My husband Sherman and I lived in central Mexico for several years while his construction company worked on a project for General Motors. We enjoyed our stay there and spent our free time exploring the country’s historic sites and places where the locals vacationed instead of Americanized resorts and beaches. We were especially fond of the mountainous city of Guanajuato, with its colorful and unique adobe homes built on steep hillsides. Eventually, we purchased a large painting of that beautiful city to display in our living room after retirement. Following years of travel and adventure, we moved back to our home, a small town on the North Dakota prairie.
Fifteen years later, my husband died of a massive heart attack. Several months after that, I put an ad in our local paper offering to give away our six foot Christmas tree, complete with lights. Since my husband was gone, the Christmas spirit was not the same for me. I didn’t want to decorate the large one that we had enjoyed as a couple for so many years, and I purchased a very small tree instead.
One Sunday the phone rang and a woman with a very pronounced Latino accent asked about the tree. She and her husband worked for a rancher almost 60 miles away, but decided they would drive to town for the tree. I agreed to save it for them, and they arrived an hour and 1/2 later. They walked in the front door and immediately zeroed in on the very large painting above my coach.
“Is that Guanajuato?” the man asked excitedly. “That is our home!” He explained that when they were not working for the rancher in the US, they lived very close to that city in Mexico. I told him we had lived in Mexico for a couple of years and explained about the project. He was very familiar with it.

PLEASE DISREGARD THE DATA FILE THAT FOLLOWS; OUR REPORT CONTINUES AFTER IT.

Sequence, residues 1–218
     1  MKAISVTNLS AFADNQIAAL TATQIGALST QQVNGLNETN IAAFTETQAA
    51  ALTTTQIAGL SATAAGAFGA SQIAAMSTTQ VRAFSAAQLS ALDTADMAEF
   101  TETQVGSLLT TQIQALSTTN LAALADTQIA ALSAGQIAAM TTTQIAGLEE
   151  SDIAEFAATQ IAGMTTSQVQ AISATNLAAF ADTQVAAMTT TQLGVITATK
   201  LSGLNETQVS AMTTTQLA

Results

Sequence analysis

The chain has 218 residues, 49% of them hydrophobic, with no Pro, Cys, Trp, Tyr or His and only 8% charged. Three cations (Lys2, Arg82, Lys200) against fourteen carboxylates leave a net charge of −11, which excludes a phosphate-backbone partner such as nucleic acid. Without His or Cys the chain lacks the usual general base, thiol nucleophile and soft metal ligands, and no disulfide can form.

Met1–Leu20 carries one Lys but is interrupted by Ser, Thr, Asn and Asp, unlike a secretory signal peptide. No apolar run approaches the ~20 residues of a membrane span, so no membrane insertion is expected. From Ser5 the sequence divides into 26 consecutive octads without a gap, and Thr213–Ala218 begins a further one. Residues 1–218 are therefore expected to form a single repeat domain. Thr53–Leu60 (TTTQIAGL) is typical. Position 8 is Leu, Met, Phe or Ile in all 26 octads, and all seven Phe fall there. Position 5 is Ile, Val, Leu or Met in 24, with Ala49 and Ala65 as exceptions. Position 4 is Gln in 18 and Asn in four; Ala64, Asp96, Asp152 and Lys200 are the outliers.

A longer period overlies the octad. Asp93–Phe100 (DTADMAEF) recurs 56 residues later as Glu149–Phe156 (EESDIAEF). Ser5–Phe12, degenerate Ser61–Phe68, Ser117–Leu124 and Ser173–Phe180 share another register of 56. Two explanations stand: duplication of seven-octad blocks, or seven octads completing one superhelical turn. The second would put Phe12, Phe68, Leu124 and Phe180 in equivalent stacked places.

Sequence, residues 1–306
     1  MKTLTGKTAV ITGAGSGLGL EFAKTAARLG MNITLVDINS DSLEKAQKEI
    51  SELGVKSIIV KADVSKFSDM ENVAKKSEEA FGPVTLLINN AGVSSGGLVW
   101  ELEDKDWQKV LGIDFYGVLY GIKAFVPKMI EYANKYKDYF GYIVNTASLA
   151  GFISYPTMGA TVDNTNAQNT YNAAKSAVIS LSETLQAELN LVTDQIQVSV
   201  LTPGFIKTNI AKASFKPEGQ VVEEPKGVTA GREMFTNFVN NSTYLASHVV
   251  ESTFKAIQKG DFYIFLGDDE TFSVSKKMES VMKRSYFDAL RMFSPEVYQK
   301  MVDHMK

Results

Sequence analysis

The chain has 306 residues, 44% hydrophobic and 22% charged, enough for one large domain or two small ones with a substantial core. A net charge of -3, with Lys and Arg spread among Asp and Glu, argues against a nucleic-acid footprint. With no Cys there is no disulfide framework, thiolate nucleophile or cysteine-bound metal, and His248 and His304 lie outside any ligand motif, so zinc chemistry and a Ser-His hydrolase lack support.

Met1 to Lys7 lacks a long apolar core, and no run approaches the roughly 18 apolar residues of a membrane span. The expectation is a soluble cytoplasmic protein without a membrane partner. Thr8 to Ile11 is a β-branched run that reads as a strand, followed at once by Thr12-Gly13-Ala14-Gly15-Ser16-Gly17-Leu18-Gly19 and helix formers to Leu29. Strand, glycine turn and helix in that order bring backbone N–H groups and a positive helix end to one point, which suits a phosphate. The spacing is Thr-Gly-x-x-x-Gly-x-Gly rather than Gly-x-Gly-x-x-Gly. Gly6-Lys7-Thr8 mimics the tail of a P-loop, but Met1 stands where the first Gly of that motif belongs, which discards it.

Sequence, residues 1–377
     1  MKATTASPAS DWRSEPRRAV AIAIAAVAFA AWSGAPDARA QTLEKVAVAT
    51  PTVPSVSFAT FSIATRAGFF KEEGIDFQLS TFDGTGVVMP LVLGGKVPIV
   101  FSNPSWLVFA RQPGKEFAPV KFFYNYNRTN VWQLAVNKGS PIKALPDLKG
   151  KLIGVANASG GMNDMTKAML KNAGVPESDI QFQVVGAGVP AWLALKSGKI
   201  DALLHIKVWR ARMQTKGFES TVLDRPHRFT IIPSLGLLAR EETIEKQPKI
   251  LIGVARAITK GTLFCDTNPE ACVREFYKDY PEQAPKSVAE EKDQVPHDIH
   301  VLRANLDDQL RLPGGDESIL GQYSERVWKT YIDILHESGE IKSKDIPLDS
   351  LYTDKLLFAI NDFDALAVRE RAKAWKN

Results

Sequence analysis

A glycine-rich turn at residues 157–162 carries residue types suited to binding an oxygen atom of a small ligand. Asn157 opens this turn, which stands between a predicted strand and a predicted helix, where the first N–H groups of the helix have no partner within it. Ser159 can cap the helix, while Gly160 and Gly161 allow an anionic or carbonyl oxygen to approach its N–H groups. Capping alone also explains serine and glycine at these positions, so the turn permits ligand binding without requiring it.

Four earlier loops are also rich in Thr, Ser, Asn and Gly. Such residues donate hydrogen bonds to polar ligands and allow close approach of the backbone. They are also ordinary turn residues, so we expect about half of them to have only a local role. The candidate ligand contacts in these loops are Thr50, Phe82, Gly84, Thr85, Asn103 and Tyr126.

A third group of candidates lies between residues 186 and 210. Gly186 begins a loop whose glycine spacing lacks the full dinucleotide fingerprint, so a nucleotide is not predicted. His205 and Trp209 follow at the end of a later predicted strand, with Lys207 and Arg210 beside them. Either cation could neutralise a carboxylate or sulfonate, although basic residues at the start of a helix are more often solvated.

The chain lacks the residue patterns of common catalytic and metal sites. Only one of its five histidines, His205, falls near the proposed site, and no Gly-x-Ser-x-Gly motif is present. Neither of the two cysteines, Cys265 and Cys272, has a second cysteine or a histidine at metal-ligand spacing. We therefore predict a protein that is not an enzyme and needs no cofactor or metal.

“Oh, I know the factory. It is very large and covers the valley below Guanajuato.” They were so pleased to talk about the area, and I told them all about the construction projects we had done throughout the years, and how much we had enjoyed living in Mexico.
The couple had small children, and this was the first time they would not be in Mexico for Christmas. He said they had looked in the local store, but the large trees were all too expensive. I was so happy to give them our tree, and I added some extra strings of lights and a large bag of ornaments. As they left, I said, “Feliz Navidad.”
The spirit of Christmas was back in my heart. My husband would’ve been so pleased that the tree would now shine for this family. I like to think that he nudged me toward placing the ad for the tree. Why else would a couple, so far from their country, find such a coincidental meeting on the prairies of North Dakota? Geno Sloan Chicken Soup for the Soul, The Wonder of Christmas
On Christmas Eve, when most people set aside a plate of cookies for Santa Claus, we have a different tradition. We make him a nice bologna and cheese sandwich. For our boys, it means they get to leave something special for old St. Nick. For my wife and me, it is a tradition that dates back to our first Christmas together and reminds us that the true spirit of the holidays is found in the simplest of miracles.
It all started on Christmas Eve 1982. Sharon and I had recently moved to Colorado and we were spending our first holiday away from family and friends. We were living in an old motel outside of Denver.
Snow started falling lightly on Christmas Eve morning. The prospect of a white Christmas brightened our spirits. We went to the Cinderella City mall for some last-minute shopping. When we emerged with our packages, we were greeted by a raging blizzard. Luckily, we were able to catch the final bus home. It was snowing so furiously that the driver had to stop every block to clear off the windshield. Darkness had fallen by the time we reached our motel.
Once inside, we realized that we had forgotten to get food for our Christmas dinner. Once again, we bundled up and ventured into the stormy night, hoping to find a store not closed for the holiday or by the snowstorm.